I'm implementing a client/server app using JSON (as String) via TCP/IP.

String --> Packet --> byte[] --> tcp/ip --> byte[] --> Packet --> String

The String will be put into a Packet and sent via TCP/IP.

This way I can simply send a Packet by getting its raw byte[] and send it into the TCP/IP socket. On the other side I can simply create a new Packet by putting the received byte[] into a Packet again.

I'm asking you if the Packet class looks okay and if there is anything else wrong with it.

public class Packet {

    private final String content;
    private final byte[] raw;

    private static final int LENGTH_OFFSET = 2;

    public Packet (byte[] data) {
        if (data == null) {
            throw new IllegalArgumentException("data may not be null");
        if (data.length < 2) {
            throw new IllegalArgumentException("invalid data lenght (must be at least two byte)");
        byte[] lengthByte = new byte[2];
        System.arraycopy(data, 0, lengthByte, 0, LENGTH_OFFSET);
        int contentLength = getLength(lengthByte);
        if (contentLength > data.length-LENGTH_OFFSET) {
            throw new IllegalArgumentException("corrupted data - length > data");
        raw = new byte[contentLength];
        System.arraycopy(data, LENGTH_OFFSET, raw, 0, contentLength);
        content = new String(raw);

    public Packet (String cnt) {
        if (cnt == null) {
            throw new IllegalArgumentException("content may not be null");
        if (cnt.length() < 0) {
            throw new IllegalArgumentException("content must not be empty");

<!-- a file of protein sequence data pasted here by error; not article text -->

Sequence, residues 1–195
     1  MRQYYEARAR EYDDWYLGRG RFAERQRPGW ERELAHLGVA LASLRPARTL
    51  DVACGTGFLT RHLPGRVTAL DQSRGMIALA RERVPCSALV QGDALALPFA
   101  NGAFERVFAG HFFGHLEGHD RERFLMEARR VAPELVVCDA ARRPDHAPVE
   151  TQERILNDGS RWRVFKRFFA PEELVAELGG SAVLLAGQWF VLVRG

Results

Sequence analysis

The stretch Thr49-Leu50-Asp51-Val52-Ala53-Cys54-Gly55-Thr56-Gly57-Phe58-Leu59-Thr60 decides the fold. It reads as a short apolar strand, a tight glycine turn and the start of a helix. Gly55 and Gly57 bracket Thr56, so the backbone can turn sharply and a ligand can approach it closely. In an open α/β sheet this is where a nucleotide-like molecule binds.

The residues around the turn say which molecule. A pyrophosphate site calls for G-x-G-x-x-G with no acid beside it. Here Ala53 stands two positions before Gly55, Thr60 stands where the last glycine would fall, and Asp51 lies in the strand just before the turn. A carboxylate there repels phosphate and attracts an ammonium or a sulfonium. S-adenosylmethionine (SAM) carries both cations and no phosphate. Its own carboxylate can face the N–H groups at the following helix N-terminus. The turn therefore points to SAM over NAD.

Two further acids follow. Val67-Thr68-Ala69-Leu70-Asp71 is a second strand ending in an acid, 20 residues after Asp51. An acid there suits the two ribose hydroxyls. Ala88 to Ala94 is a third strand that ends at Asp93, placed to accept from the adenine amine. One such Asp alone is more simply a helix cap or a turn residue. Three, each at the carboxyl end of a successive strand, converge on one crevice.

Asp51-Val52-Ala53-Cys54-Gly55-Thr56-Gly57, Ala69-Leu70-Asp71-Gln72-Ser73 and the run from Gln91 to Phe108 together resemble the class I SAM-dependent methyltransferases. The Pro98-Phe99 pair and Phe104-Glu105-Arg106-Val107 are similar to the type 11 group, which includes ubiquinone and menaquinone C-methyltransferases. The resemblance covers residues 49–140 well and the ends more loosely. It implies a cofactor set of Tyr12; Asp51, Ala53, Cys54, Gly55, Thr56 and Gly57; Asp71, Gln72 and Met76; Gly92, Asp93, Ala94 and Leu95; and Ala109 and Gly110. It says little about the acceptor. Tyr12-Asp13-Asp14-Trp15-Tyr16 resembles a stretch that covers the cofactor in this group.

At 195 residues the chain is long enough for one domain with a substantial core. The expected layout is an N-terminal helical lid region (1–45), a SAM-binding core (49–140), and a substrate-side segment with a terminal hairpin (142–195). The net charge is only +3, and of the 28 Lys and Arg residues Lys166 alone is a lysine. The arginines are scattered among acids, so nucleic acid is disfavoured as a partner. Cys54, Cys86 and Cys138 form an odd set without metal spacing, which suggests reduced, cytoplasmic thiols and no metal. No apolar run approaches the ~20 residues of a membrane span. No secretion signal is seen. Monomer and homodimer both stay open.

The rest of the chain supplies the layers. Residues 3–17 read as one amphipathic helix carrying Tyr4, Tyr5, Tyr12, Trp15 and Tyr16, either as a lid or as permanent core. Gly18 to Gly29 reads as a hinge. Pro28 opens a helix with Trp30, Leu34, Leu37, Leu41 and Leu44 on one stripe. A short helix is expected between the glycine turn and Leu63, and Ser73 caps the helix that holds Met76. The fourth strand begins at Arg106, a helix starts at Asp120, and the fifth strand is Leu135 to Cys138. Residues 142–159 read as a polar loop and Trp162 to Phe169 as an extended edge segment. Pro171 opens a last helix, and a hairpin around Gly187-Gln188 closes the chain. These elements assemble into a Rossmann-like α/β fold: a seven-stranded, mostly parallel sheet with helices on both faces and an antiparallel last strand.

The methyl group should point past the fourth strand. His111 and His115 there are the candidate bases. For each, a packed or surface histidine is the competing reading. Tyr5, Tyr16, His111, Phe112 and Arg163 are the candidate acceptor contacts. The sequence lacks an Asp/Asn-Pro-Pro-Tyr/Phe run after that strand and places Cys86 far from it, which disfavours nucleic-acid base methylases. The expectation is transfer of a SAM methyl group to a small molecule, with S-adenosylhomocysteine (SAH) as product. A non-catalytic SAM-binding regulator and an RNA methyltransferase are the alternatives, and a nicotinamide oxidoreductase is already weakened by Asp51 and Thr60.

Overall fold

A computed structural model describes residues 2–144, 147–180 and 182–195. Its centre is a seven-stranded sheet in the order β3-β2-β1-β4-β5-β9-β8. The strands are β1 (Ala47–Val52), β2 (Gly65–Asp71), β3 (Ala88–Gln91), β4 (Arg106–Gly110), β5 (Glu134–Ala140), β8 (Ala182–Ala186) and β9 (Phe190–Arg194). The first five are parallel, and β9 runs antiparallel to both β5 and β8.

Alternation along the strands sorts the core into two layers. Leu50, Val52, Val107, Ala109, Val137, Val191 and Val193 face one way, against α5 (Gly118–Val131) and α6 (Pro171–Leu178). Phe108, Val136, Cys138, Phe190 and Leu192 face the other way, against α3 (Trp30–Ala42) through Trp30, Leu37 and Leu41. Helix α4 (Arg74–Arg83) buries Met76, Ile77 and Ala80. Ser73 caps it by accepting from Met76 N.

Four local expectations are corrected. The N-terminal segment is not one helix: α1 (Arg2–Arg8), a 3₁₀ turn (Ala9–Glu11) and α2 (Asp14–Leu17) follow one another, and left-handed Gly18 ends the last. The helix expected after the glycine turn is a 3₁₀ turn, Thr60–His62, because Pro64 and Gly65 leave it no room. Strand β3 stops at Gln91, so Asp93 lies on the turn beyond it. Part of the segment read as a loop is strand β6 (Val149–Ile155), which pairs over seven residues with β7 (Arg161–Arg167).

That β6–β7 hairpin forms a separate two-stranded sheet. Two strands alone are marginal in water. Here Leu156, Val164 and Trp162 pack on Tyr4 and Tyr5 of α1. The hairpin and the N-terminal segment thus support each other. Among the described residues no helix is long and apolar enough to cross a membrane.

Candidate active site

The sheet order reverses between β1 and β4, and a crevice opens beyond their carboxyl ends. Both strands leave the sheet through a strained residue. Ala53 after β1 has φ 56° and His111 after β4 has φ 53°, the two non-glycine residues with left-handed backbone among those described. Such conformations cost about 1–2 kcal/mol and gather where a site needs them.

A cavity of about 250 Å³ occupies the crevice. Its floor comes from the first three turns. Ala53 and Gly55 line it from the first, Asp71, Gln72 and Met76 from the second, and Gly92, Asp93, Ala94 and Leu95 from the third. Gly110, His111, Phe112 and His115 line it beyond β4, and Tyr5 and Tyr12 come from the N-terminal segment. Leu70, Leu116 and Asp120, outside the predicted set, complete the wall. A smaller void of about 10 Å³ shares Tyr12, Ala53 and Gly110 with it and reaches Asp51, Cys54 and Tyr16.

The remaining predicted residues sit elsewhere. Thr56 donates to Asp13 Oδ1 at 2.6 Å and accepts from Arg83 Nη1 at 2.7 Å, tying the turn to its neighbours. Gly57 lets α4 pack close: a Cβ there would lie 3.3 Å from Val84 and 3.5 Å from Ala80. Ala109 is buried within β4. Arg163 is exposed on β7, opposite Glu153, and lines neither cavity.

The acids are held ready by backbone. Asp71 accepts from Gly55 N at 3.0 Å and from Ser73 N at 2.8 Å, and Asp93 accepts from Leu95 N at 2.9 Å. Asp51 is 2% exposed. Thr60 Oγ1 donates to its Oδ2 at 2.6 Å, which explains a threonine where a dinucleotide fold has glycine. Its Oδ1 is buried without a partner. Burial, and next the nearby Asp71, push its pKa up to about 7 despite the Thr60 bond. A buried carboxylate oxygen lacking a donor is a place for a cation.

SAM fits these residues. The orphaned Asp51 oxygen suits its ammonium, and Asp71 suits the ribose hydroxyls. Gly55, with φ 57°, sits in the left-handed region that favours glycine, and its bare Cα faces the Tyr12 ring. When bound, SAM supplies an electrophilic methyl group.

content = cnt;
        int contentLength = content.length();
        byte[] lengthByte = getLength(contentLength);
        byte[] stringData = content.getBytes();
        raw = new byte[contentLength + LENGTH_OFFSET];

        System.arraycopy(lengthByte, 0, raw, 0, LENGTH_OFFSET);
        System.arraycopy(stringData, 0, raw, LENGTH_OFFSET, contentLength);     

    private static byte[] getLength(int length) {
        if (length > 0xFFFF) {
            throw new IllegalArgumentException("data is too long");
        byte high = trimSignum((length & 0xFF00) >> 8);
        byte low = trimSignum((length & 0xFF));     
        return new byte[] {high, low};

    private static byte trimSignum(int byteWithSignum) {
        if (byteWithSignum > 127) {
            return (byte)(0xFF - byteWithSignum);
        return (byte)byteWithSignum;

    public String getContent() {
        return content;

    public byte[] getRaw() {
        return raw;

    private static int getLength(byte[] lb) {
        int high = (lb[0] & 0xFF) << 8;
        int low = (lb[1] & 0xFF);       
        return high + low;



  • LENGTH_OFFSET sounds like the offset at which you find the length, not the offset after the length. I'd cede that I can't think of a better name though, that doesn't sound silly...

  • Personally I'd prefer lengthBytes to lengthByte, since there are more than one (is this a relic of previously using 8bit lengths?).

  • getLength sounds like an accessor: really this is doing a translation/conversion, and the name should reflect that.

  • cnt isn't very meaningful, and your ArgumentExceptions all refer to content.

String Encoding

I would be worried about using String.getBytes and String(byte[]), as you are not explicitly indicating the encoding. I'm not a Java programmer, but judging by this answer on StackOverflow and the documentation, you should really be using overloads which allow you to specifying the encoding (e.g. UTF8), which will enable reliable communication between machines, and between implementations of the protocol written in different languages.


  • raw is the whole (length + content) packet when you using the Packet(String cnt) constructor, but doesn't include the length when you use the Packet(byte[] data) constructor.

  • Spelling error in exception message: "lenght"

  • Nice to see lots of guard clauses: would checking for negative lengths be sensible?

  • A few more empty lines would be appreciated to break up logical parts of the larger methods (e.g. in the byte[] constructor, first run some checks (empty line) then read the length (empty line) then read the content).


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